Property, ownership and improvement in Ludlow, a fashionable country town, 1660 to 1848
AbstractThree major themes - property, ownership and improvement - are investigated, within the context of a well preserved and well documented historic town. The relevance of these themes to urban history is shown. Ludlow is a small market town in south Shropshire. From the 1660s population was just over 2,000, but this rose to 5,253 in 183 1. Between 1660 and 1689 the town was a centre for regional administration, the Council of the Marches in Wales having its headquarters there. Ludlow then developed as a fashionable social centre, thriving especially in the early and mid-eighteenth century. To provide historical context for the three topics under investigation, the Ludlow region is described, as are many aspects of the town's economy and society. Because of their effect on these topics, attention is given to the Corporation, and to local systems of finance and credit. The town plan and its properties are described in detail, drawing upon tenurial reconstructions of properties. The arrangement of properties, many of them historic burgage plots, is described and analysed, and amendments to property dispositions in the period are considered. The ownership of properties is analysed in detail. Both the places of residence of owners, and their occupational and social status, are analysed, and the resulting themes and trends are illustrated by case studies. Ownership by women and for political purposes are highlighted. A wide range of improvements are reviewed and explained, and 286 known and postulated building dates are used to postulate a building sequence. Attention is given to the role of the Corporation and to the contribution of craftsmen and architects. A number of buildings and housing forms are described. A large data base is provided in five appendices, and there are many supporting, maps, tables and illustrations.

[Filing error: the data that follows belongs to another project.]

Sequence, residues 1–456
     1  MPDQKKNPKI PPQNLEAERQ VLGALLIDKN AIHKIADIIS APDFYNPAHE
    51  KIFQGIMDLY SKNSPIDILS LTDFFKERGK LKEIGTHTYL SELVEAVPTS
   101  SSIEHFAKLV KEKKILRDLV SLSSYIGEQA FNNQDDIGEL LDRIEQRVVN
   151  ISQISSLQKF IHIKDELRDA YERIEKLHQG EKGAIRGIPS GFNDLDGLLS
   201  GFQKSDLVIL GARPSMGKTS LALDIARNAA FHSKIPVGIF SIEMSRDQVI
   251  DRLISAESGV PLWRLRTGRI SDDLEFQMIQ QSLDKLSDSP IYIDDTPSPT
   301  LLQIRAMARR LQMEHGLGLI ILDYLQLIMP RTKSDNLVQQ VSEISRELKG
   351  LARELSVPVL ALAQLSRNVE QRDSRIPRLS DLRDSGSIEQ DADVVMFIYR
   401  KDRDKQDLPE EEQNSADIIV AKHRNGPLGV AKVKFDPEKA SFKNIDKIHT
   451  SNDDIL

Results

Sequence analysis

PublisherUniversity of Wolverhampton
TypeThesis or dissertation
DescriptionA thesis submitted in partial fulfilment of the requirements of the University of Wolverhampton for the degree of Doctor of Philosophy
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